Adobe’s Creative Suite 2 Page 2

In the same vein, probably the most tedious and time-consuming task for those who use scanned film images (excepting those scanned with Digital ICE) are the Kodachrome and black and white files with dust, dirt, and scratches that must be cleaned. Photoshop CS2 now has the Spot Healing Brush, introduced with Photoshop Elements 3.0, in a more refined and effective form. The Spot Healing Brush works effectively and efficiently, making cleanup almost a pleasure. But there is one exception, and that is with high-resolution scans of grainy, high-speed 35mm film. The Spot Healing Brush is apparently confused by the grain pattern and although it removes the flaw, it replaces it with a pattern that does not blend in with the grain.

Although the new Color Handling choice in the Color Management section at the bottom of Photoshop CS2's Print With Preview dialog window does not really change functionality, it suggests to users there are two ways to print. One is to let the printer determine colors, and what we have referred to in the past as "printing profile to profile" is now identified as the "Let Photoshop Determine Colors" choice. And now with that choice there is a Reminder message to "remember to disable color management in the printer driver dialog box." The user should also remember to select the Printer Profile associated with the printer and media being used to print.

Everyone using a handheld camera has made images with skewed perspective, either just a little or maybe a lot. Photoshop has long had a Transform fix for this problem, but now an Optical Lens Correction filter makes it easier to correct distortion, including barrel distortion and chromatic aberration. I have a very large collection of images made over a lifetime of photography, but could not find any images other than those made with fisheye lenses with barrel distortion, so I was stuck with testing this new filter just correcting perspective distortions. With its built-in grid and slider controls Optical Lens Correction is much easier and faster than using the old Transform tool. But it does make me wonder, along with so many other software utilities from other companies, what kind of cameras and lenses do these software programmers think we photographers use--cheap disposables with plastic, single-element lenses?

The name Vanishing Point was immediately associated in my mind with a collection of photographs I'd made on the many shooting trips by car in the deserts of the Southwest. I'd sometimes stop along these long straight roads to stretch my legs and I'd often also take a picture of the highway disappearing into a vanishing point in the distance. Also, driving these roads I'd often daydream about all kinds of imaginary photographs I might make. So, I used one of these highway vanishing point photos to composite a representation of that experience of both the real scene and the imagined images daydreamed along the way.

With Photoshop CS2 Adobe has provided a solution to a problem that has always plagued photographers--whether film or digital, the recording media always has much less exposure latitude than the human eye. Extreme contrast, indicated by a very long range from highlight to shadow, has never been easy to photograph. With black and white film you might get close using a very tricky, special low-contrast developer, or in color you could use Ektachrome Duplicating film with its extremely slow speed and requirement for a lot of color correction filtration. But now, at least with entirely still subjects, all you have to do with either a film or digital camera is make a broad series of bracketed exposures and use Photoshop's new 32-bit HDR utility to deal with those high dynamic range subjects.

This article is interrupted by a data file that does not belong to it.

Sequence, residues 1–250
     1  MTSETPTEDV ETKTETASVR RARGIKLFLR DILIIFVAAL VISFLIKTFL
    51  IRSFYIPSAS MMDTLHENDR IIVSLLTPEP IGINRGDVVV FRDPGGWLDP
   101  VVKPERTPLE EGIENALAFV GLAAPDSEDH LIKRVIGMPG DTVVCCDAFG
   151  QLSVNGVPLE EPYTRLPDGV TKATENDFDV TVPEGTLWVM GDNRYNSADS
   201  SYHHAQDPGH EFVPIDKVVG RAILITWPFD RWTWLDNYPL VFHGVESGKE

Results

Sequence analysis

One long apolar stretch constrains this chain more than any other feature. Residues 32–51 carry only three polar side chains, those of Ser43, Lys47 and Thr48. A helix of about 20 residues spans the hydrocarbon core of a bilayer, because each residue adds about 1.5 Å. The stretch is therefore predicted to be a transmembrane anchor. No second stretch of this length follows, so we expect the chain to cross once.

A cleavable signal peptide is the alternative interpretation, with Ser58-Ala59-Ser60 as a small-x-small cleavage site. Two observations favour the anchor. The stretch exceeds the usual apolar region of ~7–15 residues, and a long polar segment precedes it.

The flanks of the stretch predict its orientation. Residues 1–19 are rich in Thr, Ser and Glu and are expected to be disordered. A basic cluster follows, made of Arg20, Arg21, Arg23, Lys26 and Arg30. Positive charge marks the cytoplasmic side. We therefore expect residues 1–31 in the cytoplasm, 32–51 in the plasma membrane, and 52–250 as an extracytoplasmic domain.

I tested this capability by using a Canon EOS 20D with a Canon 10-22mm zoom lens to photograph the interior of the Santa Barbara County courthouse, which is very dark inside, and also capture what is outside in full sunlight, a dynamic range that required exposure bracketing between several seconds and 1/250 sec. All I can say is Wow! Even after having to manipulate the resulting image's internal contrast with some difficulty using Curves to obtain image values that would print effectively, providing tone and detail in both the brightest and the darkest areas of the scene, I still say Wow!

What 32-bit HDR does is to take five different exposure files of the same scene (obviously exposed with the camera on a very sturdy tripod) and blend them together to create a 32-bit image that covers the entire range captured by the bracketing. In addition, I noted that with the long exposures covering the low end of the range, the noise that often plagues long exposures with a digital camera disappears as a result of the blending. I was able to obtain good quality images with the first few attempts, and that amazed me. True, the images required considerable post-process editing, but I am sure that with more practice my bracketing choices can be refined so that they require less adjustment of the internal contrast with Curves.

One new feature in Adobe's Photoshop CS2 that was particularly intriguing and fun to test was the 32-bit HDR capability. Years before I'd used different film methods of dealing with subjects with extended dynamic range, or, as we said in analog days, extreme subject contrast beyond the normal exposure latitude of film. With black and white the most successful approach was the use of extended range developers, usually some variation of a mixture of phenidone and sodium sulfite and little else. The one answer to extreme contrast subject shooting in color was to use the tungsten-type Ektachrome Duplicating film, which was inherently low contrast and also very, very slow. Now using a series of bracketed exposures with a digital camera and 32-bit HDR is much easier and a solution to the problem that has much more potential and latitude.